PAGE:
If you’re among the growing number of home bakers, I highly suggest you reserve a weekend day for yourself and read Samuel Fromartz’s In Search of the Perfect Loaf: A Home Baker’s Odyssey. Fromartz’s bread journey—a trip that took him to California and France and Germany—is enviable. He worked alongside bread titans, sharpened his bread game and delved deep into the world of wheat. The book reads less like a memoir and more like an exhaustive resource for home bread bakers with just enough historical relevance to place it on the must-read list for all bakers’ curriculums (and I mean that in the most enticing way).

Bread is having another moment. Even in the face of a food industry hell-bent on milking gluten-free living even for those who don’t need it, bread is resurgent. In fact, it is quite possible that bread has never been better (at least in the United States). You can taste it in the life-changing Ancient Grains Loaf from Chad Robertson at Tartine Bakery in San Francisco and you can see it in the gorgeous, hand-formed baguettes—pale, chewy interiors chock-full of irregular holes—at Almondine and Sullivan Street bakeries in New York.

And it isn’t just artisan bakeries that have doubled down on bread devotion. Even occasional home bakers (whose numbers probably grew tenfold once Jim Lahey unleashed his perfect no-knead bread recipe upon the world) are getting into bread like never before. People once weary of baking bread at home are now discussing fermentation and German rye with a casual zeal.

As a bread amateur—one who spends whole weekends futzing over starter and special flours—I begged to interview Samuel Fromartz about his new book. Here are excerpts from our conversation.

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One of my favorite parts of the book is your coverage of Mike Zakowski. He seems like a mythological figure—a faded rockstar type living in Sonoma, baking bread in his back yard illegally. Can you give us an update on Mike?

He was eventually shut down by the city of Sonoma [for baking in his backyard]. It’s probably not a bad thing, considering he was doing a massive amount of baking from home. Actually, it wasn’t even his home. It was a rental property. Mike is a world-class baker. He teaches classes with the Bread Bakers Guild of America. And I just recently heard from him…he is relocating and setting up the oven and bakehouse again in another location. He sells at the farmers’ market in Sonoma and he delivers his loaves on his bicycle.

You spent time in Berlin working with the rye masters there. Aside from the extreme differences in the bread itself, can you describe the personality or work differences between the bakers of Paris and Berlin?

In some ways, there are more similarities between the Paris and Berlin bakers than with the bakers in the States and that is simply because the bakers I observed overseas were producing so much bread…upwards of 1,000 loaves per day. The pace with which they worked was extraordinary. I couldn’t keep up. This is much different than, say, someone like Mike Zakowski, who is producing bread in his backyard.

Where they were really different was in the type of loaves they valued. For instance, the rye breads in Berlin have heft to them. It is not the type of bread that is filled with lovely big air holes. And at one point I said to one of the German bakers: “You know, in the United States everyone wants big holes in their bread…and a light, sort of airy quality.” And she [the German baker] said: “So in America they want to pay for air?” The point, and this gets historical, is that bread was sustenance to the Germans. This is what kept you going. You don’t want holes—you want the calories and nutrition. If you think about it, we fetishize whole grains in America (including in my book), but in Germany it is just bread. You don’t eat them because they are better for you, or the environment, or because the government says you should eat them. You eat them because they are amazing. Wonderful. Delicious.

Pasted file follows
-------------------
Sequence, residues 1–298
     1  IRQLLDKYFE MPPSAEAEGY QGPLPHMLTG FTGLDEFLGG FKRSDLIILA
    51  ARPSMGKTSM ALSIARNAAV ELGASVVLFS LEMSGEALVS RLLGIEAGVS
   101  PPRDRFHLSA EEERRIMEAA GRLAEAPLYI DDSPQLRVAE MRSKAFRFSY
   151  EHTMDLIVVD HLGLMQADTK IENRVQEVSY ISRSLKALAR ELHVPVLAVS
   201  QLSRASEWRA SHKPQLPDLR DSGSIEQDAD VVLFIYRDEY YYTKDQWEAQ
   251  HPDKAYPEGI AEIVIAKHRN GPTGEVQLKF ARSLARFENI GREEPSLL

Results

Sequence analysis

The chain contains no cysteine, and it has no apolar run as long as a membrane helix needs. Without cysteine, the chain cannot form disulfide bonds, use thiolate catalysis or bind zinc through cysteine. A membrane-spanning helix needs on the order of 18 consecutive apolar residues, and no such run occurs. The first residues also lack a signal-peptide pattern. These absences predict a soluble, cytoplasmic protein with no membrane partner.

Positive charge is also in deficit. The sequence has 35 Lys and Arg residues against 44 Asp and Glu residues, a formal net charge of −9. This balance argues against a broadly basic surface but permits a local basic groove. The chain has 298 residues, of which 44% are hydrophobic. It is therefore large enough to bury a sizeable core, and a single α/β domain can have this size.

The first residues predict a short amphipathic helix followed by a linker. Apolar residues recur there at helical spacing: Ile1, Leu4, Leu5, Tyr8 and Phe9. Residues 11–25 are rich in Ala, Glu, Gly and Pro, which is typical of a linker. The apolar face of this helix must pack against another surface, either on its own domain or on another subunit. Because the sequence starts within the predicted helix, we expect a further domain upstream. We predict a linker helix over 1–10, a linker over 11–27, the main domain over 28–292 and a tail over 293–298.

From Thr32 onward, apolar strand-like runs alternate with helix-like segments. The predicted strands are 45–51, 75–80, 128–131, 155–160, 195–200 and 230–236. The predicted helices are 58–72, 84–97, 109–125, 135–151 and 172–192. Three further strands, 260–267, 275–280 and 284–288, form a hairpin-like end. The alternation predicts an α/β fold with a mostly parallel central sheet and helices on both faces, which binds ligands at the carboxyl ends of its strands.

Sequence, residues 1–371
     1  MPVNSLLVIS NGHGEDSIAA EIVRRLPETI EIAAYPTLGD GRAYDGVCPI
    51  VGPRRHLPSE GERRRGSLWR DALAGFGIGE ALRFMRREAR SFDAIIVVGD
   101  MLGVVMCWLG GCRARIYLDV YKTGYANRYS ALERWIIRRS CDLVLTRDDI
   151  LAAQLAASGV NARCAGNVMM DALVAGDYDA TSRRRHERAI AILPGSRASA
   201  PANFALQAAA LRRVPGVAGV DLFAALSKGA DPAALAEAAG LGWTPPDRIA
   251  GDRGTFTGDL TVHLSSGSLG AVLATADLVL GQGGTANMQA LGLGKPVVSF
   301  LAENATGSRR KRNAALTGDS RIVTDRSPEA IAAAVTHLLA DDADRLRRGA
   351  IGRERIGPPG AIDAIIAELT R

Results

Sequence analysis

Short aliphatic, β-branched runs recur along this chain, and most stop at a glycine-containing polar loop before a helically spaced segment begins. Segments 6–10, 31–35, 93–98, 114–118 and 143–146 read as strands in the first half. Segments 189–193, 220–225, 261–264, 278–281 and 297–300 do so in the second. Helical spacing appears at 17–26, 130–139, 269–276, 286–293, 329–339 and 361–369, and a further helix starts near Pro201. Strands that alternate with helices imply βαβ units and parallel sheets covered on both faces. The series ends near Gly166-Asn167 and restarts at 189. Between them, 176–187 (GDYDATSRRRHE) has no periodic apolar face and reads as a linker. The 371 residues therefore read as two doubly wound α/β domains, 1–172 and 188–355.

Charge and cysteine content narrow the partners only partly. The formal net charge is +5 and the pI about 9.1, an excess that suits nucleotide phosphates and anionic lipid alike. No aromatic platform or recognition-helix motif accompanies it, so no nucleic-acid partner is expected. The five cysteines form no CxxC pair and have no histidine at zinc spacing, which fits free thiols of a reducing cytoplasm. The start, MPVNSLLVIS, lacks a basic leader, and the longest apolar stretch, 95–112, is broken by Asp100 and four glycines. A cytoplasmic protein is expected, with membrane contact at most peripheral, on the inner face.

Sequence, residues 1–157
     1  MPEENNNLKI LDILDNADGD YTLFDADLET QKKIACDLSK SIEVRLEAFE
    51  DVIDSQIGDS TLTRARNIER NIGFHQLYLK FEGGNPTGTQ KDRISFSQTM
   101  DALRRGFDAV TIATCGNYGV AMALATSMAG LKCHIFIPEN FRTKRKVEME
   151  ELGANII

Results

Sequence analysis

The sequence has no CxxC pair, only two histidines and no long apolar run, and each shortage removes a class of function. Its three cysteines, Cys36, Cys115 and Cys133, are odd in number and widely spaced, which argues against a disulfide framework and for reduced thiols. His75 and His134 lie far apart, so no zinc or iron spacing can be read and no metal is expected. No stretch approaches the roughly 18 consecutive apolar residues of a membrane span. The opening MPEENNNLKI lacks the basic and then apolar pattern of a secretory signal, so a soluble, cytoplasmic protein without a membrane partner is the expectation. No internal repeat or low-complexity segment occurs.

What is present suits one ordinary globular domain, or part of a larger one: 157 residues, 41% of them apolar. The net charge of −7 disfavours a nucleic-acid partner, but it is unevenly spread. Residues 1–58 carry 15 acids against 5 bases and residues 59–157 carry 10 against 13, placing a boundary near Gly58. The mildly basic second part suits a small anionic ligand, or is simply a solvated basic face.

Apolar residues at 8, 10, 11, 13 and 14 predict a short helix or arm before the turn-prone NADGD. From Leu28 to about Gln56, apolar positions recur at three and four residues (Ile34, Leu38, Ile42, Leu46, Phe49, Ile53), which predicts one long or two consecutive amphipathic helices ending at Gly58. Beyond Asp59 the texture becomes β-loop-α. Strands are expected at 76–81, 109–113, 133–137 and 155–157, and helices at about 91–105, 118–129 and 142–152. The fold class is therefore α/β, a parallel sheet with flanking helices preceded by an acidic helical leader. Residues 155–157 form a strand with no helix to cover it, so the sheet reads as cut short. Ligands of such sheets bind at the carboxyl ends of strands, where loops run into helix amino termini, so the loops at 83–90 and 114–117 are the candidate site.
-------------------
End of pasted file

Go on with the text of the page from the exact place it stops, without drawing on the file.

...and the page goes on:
It sounds like you grew up with access to decent bread. So many of us, me included, grew up with only Wonder Bread or the like. Do you think the bread revolution in the cities will spread further afield this time?

I think it has spread, but spread in the way that these things always spread…in that Whole Foods now sells artisan loaves which are okay and La Brea Bakery is still Fromartz Cover producing par baked loaves which are sold in Safeway. I think it is going to spread, but there is going to be a limited market for an artisan loaf. And, well, some people are always going to prefer white bread because they have been eating it for so long.

What has really spread is the whole home-baking phenomenon—which got a big shot in the arm from Jim Lahey’s No-Knead recipe. It has been significant in raising the quality of bread in this country.

I find this whole idea of milling on site (a la The Mill in San Francisco) and then baking immediately exhilarating, but can you really taste the difference? You mention the health benefits in the book, but what are the other benefits?

Yes. There is so much more flavor. There is an aroma in the room from the dust from the mill and it smells good. Rye, right from the mill, has this sort of green, grassy aroma that is hard to explain. And corn: just-milled corn has this really sweet flavor that is sort of round and pleasant. And it is impossible to get that from the corn flours and cornmeal you pick up at stores.

Matt Lewis is the co-owner of Baked. His next cookbook, Baked Occasions, will be published this October.